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Tappan Zee Bridge Construction Will Be Suspended Over New Year's Weekend

An ironworker ties steel reinforcement for a concrete barrier on the new Tappan Zee Bridge on Tuesday, Dec. 13. Construction work will be suspended over the New Year's weekend to aid holiday travelers.
An ironworker ties steel reinforcement for a concrete barrier on the new Tappan Zee Bridge on Tuesday, Dec. 13. Construction work will be suspended over the New Year's weekend to aid holiday travelers. Photo Credit: NewNYBridge.com

Construction on the new Tappan Zee Bridge will be suspended over the New Year’s weekend to help holiday travelers get where they’re going, according to Gov. Andrew Cuomo.

The move means all lanes will remain open from 6 a.m. on Friday, Dec. 30, to 6 a.m. Tuesday, Jan. 3.

Some work may continue behind the span’s permanent concrete barriers or for emergency repairs, but it won’t affect traffic flow, the governor said Thursday.

“We're doing everything in our power to help New Yorkers get where they need to go as quickly and with the least amount of aggravation possible,” the Westchester resident added.

And with an estimated 93.6 million folks who will drive more than 50 miles from home during the holidays, there’s a lot of room for aggravation.

Cuomo also reminded travelers to obey the state’s “Move Over” law, which requires drivers to “use due care, slow down and safely move over when they see flashing lights on the side of the road.”

The year-end travel period runs until Monday, Jan. 2.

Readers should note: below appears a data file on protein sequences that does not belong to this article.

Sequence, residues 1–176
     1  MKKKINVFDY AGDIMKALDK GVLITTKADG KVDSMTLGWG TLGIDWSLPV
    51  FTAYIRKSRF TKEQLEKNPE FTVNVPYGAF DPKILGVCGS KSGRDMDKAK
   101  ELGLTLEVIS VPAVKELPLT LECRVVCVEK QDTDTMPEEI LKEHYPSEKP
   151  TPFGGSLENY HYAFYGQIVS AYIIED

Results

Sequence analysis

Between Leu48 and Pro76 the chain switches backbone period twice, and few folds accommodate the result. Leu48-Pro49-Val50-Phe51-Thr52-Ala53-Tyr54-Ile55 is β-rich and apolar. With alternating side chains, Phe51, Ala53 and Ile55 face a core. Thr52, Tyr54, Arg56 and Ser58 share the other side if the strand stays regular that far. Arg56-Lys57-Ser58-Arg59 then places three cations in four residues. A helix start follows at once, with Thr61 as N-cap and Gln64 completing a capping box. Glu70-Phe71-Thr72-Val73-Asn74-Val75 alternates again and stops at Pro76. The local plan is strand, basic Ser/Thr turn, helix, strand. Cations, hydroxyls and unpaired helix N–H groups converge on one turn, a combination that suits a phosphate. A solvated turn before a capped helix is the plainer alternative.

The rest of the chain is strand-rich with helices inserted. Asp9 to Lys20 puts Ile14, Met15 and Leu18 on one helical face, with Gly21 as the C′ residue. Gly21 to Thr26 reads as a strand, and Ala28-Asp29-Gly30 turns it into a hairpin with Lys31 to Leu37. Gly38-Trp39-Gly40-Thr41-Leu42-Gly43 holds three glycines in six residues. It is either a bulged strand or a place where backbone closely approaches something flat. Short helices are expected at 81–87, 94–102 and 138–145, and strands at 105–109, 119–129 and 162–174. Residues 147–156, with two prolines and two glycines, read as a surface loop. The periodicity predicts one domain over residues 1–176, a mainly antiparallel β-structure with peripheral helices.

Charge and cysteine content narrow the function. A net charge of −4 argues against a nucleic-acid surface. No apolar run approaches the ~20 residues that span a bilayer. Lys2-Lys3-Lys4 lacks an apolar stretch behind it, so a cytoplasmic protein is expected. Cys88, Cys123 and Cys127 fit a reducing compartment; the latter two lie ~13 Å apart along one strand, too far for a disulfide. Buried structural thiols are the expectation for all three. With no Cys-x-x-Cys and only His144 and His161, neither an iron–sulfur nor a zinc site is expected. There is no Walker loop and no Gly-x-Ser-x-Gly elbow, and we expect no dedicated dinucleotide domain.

Meanwhile, the wintry mix of snow and heavy rain forced construction crews to suspend marine operations at the project site Thursday evening.

Inclement weather preparation protocols included inspecting and adjusting mooring lines, inspecting crane barges and securing all equipment, having tug boats on the water to provide rapid response, moving the large majority of cranes to shallow water moorings and taking all smaller crew boats out of the water.

Last year, there were several serious incidents at the project site, including a crane collapse in July that injured five people and closed traffic in both directions, according to multiple media reports.

Earlier that month, a tugboat became ensnared in a barge cable and nearly sank.

In March, a tugboat pushing a barge past the bridge collided with another tug and actually sank to the bottom of the river. Three crew members were killed, according to media reports.

In 2013, an intoxicated Nyack resident plowed his boat into a construction barge, killing two of his passengers, also Rockland residents. He got two years in jail in the deadly incident, which spurred lawsuits and questions about safety, media reports at the time said.

A year later, rough seas and winds were blamed for causing a barge to break free from its moorings there and float down the Hudson. Also in 2014, two floating concrete plants had to be temporarily shut down after a silo collapsed into the river.

Things that are yet to be done on the new $3.98 billion structure include:

  • Deck panel installation
  • Stay cable installation
  • Support for river-based work from the Rockland trestle
  • Survey inspections on the existing bridge
  • Utility work at the Westchester landings
  • Concrete roadway placement at bridge landings
  • New police facility construction in Tarrytown
  • Pier foundation work
  • Maintenance dock construction
  • Maintenance facility construction
  • Overhead gantry installation
  • Bridge utilities installation
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